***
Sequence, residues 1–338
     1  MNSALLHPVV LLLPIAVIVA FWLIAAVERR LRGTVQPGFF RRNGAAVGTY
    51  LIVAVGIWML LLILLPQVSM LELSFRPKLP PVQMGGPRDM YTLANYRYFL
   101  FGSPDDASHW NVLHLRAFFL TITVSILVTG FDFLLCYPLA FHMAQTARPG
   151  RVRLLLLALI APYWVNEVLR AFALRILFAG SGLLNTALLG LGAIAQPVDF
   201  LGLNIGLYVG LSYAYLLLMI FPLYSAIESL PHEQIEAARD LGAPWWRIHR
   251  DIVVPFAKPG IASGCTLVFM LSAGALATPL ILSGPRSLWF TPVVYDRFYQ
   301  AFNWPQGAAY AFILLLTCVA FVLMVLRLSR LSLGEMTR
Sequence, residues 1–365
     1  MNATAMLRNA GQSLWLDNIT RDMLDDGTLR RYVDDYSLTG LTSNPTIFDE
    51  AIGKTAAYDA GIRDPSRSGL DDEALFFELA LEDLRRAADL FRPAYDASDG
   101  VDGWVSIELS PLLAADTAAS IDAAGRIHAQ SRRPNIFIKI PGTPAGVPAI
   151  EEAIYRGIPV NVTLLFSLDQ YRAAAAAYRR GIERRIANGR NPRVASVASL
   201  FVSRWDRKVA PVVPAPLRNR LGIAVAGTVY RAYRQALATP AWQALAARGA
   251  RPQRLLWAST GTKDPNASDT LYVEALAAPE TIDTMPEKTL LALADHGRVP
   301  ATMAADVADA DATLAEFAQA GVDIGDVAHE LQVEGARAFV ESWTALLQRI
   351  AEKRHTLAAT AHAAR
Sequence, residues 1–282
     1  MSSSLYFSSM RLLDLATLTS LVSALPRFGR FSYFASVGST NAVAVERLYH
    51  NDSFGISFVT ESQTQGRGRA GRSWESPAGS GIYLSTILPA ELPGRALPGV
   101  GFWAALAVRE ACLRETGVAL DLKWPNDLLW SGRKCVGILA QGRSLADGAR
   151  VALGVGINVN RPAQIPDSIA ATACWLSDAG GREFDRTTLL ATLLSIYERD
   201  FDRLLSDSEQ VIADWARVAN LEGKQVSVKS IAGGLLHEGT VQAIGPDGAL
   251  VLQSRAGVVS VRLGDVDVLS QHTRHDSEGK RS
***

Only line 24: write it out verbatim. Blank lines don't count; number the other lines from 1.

   251  VLQSRAGVVS VRLGDVDVLS QHTRHDSEGK RS